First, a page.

I was too busy gazing at Mount Fuji floating above the clouds the other day to remember that April 2nd was actually the ten year anniversary of The Black Narcissus. Then the next day, I had an absurdly busy day in the freezing rain doing all my pre-work errands in one day, including getting my third Moderna vaccination booster somewhere in the middle of nowhere in Yokohama – lost and drenched; then yesterday I was pretty much out of action because of that, curled up under the covers, unable to move.
Today it is sunny again, though; I am back to almost normal energy and thought that maybe I should rectify the situation. After all, a decade isn’t nothing.
In 2008 I started writing about perfume. Just one day, I sat down and did it. And I loved it. Prior to that, having been an obsessive of scent all my life since childhood – like music, perfume has been the soundtrack of my existence, as I am sure it has been for most of you – once the Internet became more commonplace and readily available, I would sit down and feast my brain for hours on all the classic perfume review websites that became popular from the beginning of the 2000’s. You know the ones: Bois De Jasmin, Perfume -Smelling Things; Olfactoria’s Travels; Now Smell This, Fragrantica: there was just something so utterly compelling and absorbing and addictive about being able to read about what is essentially invisible and ephemeral but which I had been buying and wearing and smelling myself for decades in beautiful wording; I would read and re-read certain descriptions of perfumes again and again – and it almost felt like meditation. Divorced from everything else in the world, just one perfume at a time, in its own context; described; embellished; sometimes captured.
Before this, in the late nineties I had only had a couple of books on perfume – John Oakes’, which I read until it collapsed; and Susan Irvine’s, in which I first saw the Caron bottles that made my eyes stand out on daffodil stalks of lust (Caron was never available in the UK, at least where I grew up, and I had never even heard of it until I saw the pictures of Nuit de Noël, Nocturnes, Tabac Blond in all the illustrated photographs which must have accumulated many hours of ogling and coveting in total: perfumes, in the pre-digital age, beyond my grasp and knowledge. Scents that felt like magic talismans to me; untouchable.
Around this time – I can’t remember when, exactly; to me, pre-writing feels like some inchoate darkness of nothingness where I was still alive and overly sentient as ever but just floating in the ether, unanchored by any testimony – my friend Helen, who I grew up with listening to Prince and dreaming over perfume back home – she lived just five minutes down the road – rapturously collecting our free samples from the department store or scratching the perfumed strip Christie Turlington and Linda Evangelista adverts in Vogue and opinionatedly holding forth about those that we esteemed vs those that we scathed – one day out of the blue sent me a photocopied version of Luca Turin’s original; Le Guide which she had carefully downloaded and printed out, and which became practically a sacred text to me. The fact that it was in very difficult French made it even more potently out of reach; some parts I immediately set about translating, almost as an academic exercise, like the ones I would do at university; if the translation came out well and sufficiently, beautiful I would feel a great sense of personal satisfaction and pleasure and then enjoy sending it back to H who enjoyed it just as much – it sent us off floating into dreams. Where the sites on the Internet were entertaining and exciting treasure troves of information, this – from twenty years earlier – took it to an entirely different level to me, to the level of extreme beauty. Something beyond the everyday – to a place sealed off in eternity.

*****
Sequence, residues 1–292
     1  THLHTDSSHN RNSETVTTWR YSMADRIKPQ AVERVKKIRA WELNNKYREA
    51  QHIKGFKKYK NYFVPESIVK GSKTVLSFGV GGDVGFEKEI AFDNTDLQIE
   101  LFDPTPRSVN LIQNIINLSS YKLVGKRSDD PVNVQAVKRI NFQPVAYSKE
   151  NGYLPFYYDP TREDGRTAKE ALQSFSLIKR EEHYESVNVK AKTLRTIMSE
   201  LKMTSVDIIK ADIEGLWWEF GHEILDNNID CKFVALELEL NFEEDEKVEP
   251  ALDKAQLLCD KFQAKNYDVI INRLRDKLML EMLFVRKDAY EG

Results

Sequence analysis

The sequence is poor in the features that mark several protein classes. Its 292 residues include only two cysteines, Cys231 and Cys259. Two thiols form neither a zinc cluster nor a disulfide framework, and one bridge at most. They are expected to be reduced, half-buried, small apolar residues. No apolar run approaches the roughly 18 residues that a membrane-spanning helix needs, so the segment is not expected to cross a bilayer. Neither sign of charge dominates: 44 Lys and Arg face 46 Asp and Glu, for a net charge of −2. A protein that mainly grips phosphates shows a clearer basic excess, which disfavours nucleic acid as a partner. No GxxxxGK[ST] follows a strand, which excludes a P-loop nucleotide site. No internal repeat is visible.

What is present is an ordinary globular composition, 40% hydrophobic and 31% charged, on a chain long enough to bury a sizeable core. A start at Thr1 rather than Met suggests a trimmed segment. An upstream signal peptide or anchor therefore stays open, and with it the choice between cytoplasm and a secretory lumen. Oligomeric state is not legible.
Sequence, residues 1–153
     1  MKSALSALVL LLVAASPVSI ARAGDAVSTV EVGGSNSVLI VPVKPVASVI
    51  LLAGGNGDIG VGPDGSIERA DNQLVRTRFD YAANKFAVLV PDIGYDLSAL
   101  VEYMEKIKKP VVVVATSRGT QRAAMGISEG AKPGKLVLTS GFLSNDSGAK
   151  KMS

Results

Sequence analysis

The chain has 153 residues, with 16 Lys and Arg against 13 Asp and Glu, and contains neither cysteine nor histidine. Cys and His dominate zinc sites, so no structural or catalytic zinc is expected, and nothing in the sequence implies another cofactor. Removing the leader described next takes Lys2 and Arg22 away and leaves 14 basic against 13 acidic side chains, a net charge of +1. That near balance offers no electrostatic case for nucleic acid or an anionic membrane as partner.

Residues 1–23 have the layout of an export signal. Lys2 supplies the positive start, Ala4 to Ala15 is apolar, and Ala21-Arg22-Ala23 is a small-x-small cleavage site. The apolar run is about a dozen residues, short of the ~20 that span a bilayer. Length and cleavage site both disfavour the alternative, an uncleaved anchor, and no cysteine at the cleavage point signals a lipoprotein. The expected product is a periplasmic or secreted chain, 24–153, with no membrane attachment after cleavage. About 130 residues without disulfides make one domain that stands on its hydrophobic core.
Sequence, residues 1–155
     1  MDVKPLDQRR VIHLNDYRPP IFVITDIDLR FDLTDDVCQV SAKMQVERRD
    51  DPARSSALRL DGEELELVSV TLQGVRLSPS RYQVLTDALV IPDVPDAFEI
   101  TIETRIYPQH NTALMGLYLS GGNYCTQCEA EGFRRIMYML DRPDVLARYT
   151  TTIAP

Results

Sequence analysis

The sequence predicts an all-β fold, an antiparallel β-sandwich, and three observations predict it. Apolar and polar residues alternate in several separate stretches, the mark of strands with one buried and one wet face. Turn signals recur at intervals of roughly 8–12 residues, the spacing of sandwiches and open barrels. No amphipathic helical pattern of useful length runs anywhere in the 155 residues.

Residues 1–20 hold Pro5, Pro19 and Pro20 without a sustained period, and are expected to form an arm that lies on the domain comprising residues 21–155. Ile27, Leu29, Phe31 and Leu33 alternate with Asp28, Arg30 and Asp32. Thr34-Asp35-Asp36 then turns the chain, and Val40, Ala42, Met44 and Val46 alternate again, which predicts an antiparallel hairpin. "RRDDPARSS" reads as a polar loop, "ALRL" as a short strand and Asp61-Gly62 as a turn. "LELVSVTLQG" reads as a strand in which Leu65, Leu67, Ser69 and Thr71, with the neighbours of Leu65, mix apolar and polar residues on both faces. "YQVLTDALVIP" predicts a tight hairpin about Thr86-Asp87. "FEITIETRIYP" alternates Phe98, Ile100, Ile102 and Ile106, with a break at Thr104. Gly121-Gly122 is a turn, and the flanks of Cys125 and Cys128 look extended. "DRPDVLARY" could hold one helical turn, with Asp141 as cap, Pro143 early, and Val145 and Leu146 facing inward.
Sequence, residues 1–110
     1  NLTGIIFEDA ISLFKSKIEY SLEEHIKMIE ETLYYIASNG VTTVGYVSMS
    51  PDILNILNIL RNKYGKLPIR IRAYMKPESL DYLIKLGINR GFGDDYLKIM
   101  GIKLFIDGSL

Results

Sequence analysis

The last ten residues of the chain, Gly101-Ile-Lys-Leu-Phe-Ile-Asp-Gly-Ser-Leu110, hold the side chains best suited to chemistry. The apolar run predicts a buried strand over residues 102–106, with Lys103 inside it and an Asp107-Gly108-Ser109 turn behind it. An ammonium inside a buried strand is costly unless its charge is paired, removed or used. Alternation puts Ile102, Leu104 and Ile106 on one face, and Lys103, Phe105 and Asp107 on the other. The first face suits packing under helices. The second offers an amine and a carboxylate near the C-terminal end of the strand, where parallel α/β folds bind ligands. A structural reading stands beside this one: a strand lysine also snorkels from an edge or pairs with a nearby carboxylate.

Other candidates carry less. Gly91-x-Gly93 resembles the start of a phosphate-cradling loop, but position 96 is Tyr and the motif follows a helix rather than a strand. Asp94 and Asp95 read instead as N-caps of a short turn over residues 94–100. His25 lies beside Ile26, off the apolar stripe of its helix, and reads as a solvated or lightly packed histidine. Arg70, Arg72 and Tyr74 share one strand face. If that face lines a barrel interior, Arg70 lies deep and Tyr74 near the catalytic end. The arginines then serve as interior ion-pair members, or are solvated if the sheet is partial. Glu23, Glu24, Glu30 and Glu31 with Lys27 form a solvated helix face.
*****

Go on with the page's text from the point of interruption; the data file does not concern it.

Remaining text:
Although D and I in our time together in England and Japan had always been creative, organizing themed costume parties, art events, immersive piano recitals and the like, for a long time, I still felt very stunted internally – I think he did too until he started doing performance art and making films – without even entirely quite realizing how or why. Friends had often told me I should write, but I didn’t have a subject (apart from myself!) ; I think they said this because of the famously long letters I would send to them from various locations, Rome, Cambridge etc, probably unbearable to look at now). However, when I surreptiously started on my perfume reviews, at that stage a combination of intuitive blurting and meticulous editing that I honed like a miniature sculpture, I felt a sense of achievement and happiness I had never felt before, and I kept doing it on a regular basis until I had described every scent in my possession and had made something I called The Menu, literally a thematically categorized, nerdish guide to my own collection – including all the samples (!) that I would offer up to guests when they came round for dinner. What would you like to try? Wait here a minute. Or : come upstairs and let’s try that one on. All great fun. People loved it. And then I started to get the idea for a full book.